Overcoming Burnout: How To Love Music Like You Used To

Overcoming Burnout: How To Love Music Like You Used To

“Help! I don’t love music like I used to.”

Have you ever thought that? Maybe you’ve even said it out loud.

Most musicians have. The truth is that stress, deadlines, injuries, and over-scheduling all take a toll on us.

They can start to dim our passion and commitment to music, no matter how much we used to love it.

If that sounds familiar, you’re not alone! The good news is that you can get that passion for music back again.

Your love for music hasn’t died, it’s just been buried by stress, fatigue, and burnout.

So how do you overcome the burnout and love music like you used to?

Here are five tips to help you fall in love with music all over again.

Play for Fun

I’ve talked about this one before, but I keep coming back to it because it’s so important.

Sometimes we get into a rut of practicing the pieces we “have” to learn for upcoming church services, performances, recitals, etc.

Now, that’s not a bad thing. I highly recommend practicing those pieces and being prepared!

But it’s easy to let our deadlines and required repertoire crowd out the music that we really love and feel passionate about.

Make sure you take some time to play that Beethoven sonata you loved in high school or your favorite hymns. Maybe you love that book with music from the soundtrack of Mary Poppins.

Be sure to add some fun, enjoyable repertoire to your practice sessions, even if it’s only for a few minutes.

It will make a big difference!


Sometimes we get tunnel vision and can only see our own practice, repertoire, and performances. We tend to lose sight of the beauty of the music all around us.

If that sounds like you, I recommend taking a few minutes to walk away from your own practicing and listen to some music that you love.

What was it that first inspired you to want to play music? Which piece made you fall in love with your instrument?

For me, it’s beautiful arrangements of hymns, O Come, O Come, Emmanuel by The Piano Guys, and anything by J.S. Bach.

For you it might be something different. Whatever it is, take some time to reminisce and listen to the pieces that first made you love music.

Sometimes that new and fresh perspective is all we need to stay motivated.

Stop Comparing

As Teddy Roosevelt once said, “Comparison is the thief of joy.

Stop comparing yourself and your progress to other musicians!

Focus on developing your own musicianship and being the best that you can be. Enjoy the talent God has given you without worrying if someone else has more.

Quitting the comparison game will take a huge burden and anxiety off your shoulders and free you to love the music you play and enjoy your own continuing progress.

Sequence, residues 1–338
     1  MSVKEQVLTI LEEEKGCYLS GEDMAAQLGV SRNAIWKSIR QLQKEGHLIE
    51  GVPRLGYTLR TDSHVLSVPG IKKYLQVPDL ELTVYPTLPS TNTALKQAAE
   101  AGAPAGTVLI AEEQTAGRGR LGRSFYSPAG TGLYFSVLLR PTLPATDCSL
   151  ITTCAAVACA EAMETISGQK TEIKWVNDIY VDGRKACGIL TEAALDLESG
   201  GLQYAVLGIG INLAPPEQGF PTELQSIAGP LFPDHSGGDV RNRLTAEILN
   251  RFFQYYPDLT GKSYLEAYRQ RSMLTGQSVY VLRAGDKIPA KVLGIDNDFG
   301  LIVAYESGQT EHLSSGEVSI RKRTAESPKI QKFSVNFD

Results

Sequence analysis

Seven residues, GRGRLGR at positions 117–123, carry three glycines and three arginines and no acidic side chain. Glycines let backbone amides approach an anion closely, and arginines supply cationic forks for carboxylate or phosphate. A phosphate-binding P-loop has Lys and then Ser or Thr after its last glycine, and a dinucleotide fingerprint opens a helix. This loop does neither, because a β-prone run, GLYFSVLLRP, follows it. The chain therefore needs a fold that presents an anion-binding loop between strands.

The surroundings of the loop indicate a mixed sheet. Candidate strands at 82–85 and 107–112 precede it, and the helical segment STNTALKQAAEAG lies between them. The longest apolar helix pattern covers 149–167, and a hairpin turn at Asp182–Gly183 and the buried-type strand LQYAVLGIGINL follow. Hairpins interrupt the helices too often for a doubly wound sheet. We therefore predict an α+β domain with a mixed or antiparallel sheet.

Trust me, I speak from experience!

Set Reasonable Goals

There are two parts to this one.

First of all, setting goals is important. It’s hard to stay motivated and excited about music if you’re stuck in a rut, practicing the same pieces and styles over and over again without working toward anything in particular.

Setting some goals to strive for is a great way to re-energize your playing and practicing habits and make you excited about music again.

Secondly, make sure that the goals you set are reasonable. If you aim too high, you’re just going to end up worn out and frustrated.

That doesn’t mean you can’t work on a big, challenging project. It does mean you should break up that huge goal into smaller, more attainable ones.

For example, “Memorize all of Bach’s Inventions” is not a reasonable goal. It’s too much to tackle all at one time, and you’ll probably end up giving up on it quickly because you’re too overwhelmed to make progress.

Instead, try something like “Learn Bach’s Invention No. 1”. Once you’ve accomplished that, you can move on to “Memorize Bach’s Invention No. 1”. You can then tackle Invention No. 2, and so on.

Breaking up your larger goals into smaller, bite-sized pieces will keep you from getting so burned out and frustrated.

Also, since the goals are smaller you will reach them faster, which will give you the confidence boost you need to keep going.

That’s a win-win!

Have a Life

Setting boundaries and having other interests outside of music is key to staying mentally healthy and enjoying music more.

Take some time to really think about your schedule and your commitments.

Do you really need to accompany three different choirs, or is it too much?

Maybe you’re pushing yourself a little too hard in your practice sessions. Try cutting back to a more reasonable amount of practice time and see if it helps you feel fresher and more energized.

Now, I was a music major in college and I realize that those of you who are in that boat have a lot of deadlines and practice commitments. Been there, done that!

If you’re in school for music, you may not be able to cut back on your practice time or your commitments.

If that’s the case, make sure you take breaks here and there to spend time with a family member, go for a run, or get a drink of water because you’ve forgotten to drink water all afternoon.

Try to have at least one hobby outside of school, even if you can only work on it for a few minutes here and there.

Being able to read a mystery novel, knit a scarf, or shoot hoops with your brother in the driveway will help you come back to your schooling with renewed energy and a clearer head.

That sounds nice, doesn’t it?

How do you stay in love with music when you’re tired and stressed? Leave a comment below.

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